The broader market itself is only down about 50 Dow points as of this writing, not bad considering today’s Swiss currency move. Given today’s lousy unemployment claims number, a renewed if slight drop in oil prices after yesterday’s bounce up, and the announcement by Target that it was shuttering all its Canadian stores, the fact that markets were not flattened much further this morning, things could have been a whole lot worse.

Today’s trading tips

Given what we’ve reported above, we should be grateful our portfolios didn’t lose even more money this morning. Strongly performing areas continue to be relatively conservative stocks like high-yielding REITs and utilities. Pharmas and biotechs have been doing well, too, even though they’ve been nicked a bit by today’s action, largely due to the guaranteed money coming their way courtesy of Obamacare and your higher premiums and/or bigger deductibles.

Our recently mentioned pharma picks, Pfizer (PFE) and Roche (RHHBY) have done pretty well here, although PFE is off slightly this morning. Oddly, Swiss holders of Roche got smacked by the sudden move in their currency today, while U.S. holders of Roche got a currency bonus, with RHHBY currently up 65 cents in active trading.

Our large-ish holding in Bank of America’s “A” warrants (BAC/WS/A in Schwab accounts, different symbols used by other brokerages) got hammered today, right along with their parent bank which, expectedly, reported lackluster numbers today, largely due, we suspect, to continuing U.S. government extortion aimed at the megabanks that the Feds in 2008 had forced to buy bankrupt financial entities.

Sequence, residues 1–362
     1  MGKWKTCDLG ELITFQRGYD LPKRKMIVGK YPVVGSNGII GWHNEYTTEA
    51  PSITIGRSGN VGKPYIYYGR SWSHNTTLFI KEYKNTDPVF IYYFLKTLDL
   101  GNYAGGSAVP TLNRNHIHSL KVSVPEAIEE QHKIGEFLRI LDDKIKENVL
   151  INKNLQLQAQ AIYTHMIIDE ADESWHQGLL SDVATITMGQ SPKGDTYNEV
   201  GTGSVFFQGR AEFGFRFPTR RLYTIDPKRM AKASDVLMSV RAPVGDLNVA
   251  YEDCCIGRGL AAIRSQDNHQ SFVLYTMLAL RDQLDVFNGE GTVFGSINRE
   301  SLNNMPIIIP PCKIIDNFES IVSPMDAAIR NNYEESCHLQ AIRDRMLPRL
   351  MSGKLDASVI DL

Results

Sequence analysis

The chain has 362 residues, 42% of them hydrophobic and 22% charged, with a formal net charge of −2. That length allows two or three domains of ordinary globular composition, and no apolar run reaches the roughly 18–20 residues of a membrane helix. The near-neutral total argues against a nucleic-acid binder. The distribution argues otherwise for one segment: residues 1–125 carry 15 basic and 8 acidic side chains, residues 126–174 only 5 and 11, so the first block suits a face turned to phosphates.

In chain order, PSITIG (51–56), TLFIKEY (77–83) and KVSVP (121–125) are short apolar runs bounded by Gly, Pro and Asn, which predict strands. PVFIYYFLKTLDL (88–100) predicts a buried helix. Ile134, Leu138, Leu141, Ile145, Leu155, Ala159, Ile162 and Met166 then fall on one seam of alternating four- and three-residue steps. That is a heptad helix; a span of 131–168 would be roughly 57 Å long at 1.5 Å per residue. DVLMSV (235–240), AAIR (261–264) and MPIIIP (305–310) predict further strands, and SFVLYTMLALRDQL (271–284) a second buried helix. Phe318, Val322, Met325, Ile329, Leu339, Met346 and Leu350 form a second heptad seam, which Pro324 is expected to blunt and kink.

In other words, the government continues to punish these banks for what they were essentially ordered to do. Typically, the moolah has been extracted from the shareholders, however. Fat bonuses for bank bigwigs, however, have remained untouched so they can continue to make outsize campaign contributions to Democrats, the party of the common man. Disgusting, it’s true. But the only political choice we seem to have these days is our choice of voting for the lesser of two evils each election cycle.

As a result of the continuing nonsense, we’ll likely take a trading holiday today and probably tomorrow, unless there’s an opportunistic move to be made. Remember, among other things, this is also options expiration week. That has served to magnify this week’s headline-driven volatility even more.

We can probably expect a negative Friday and a weird upcoming Tuesday. That’s the first trading day next week, due to Monday’s MLK holiday schedule. For more on this, keep reading.

MLK Day trading schedule

On Monday, January 19, 2015, all U.S. markets (including equity, option, and fixed income) will be closed in observance of Martin Luther King, Jr. Day. There will be no Pre-Market or After Hours trading sessions.

Canadian markets are open for business on Monday. However, Canadian equity orders placed after the close of the U.S. Market on Friday, January 16, 2015, will route to the Canadian exchanges on Tuesday, January 20, 2015. Check with your individual brokerage for further details.

Settlement dates will be affected accordingly.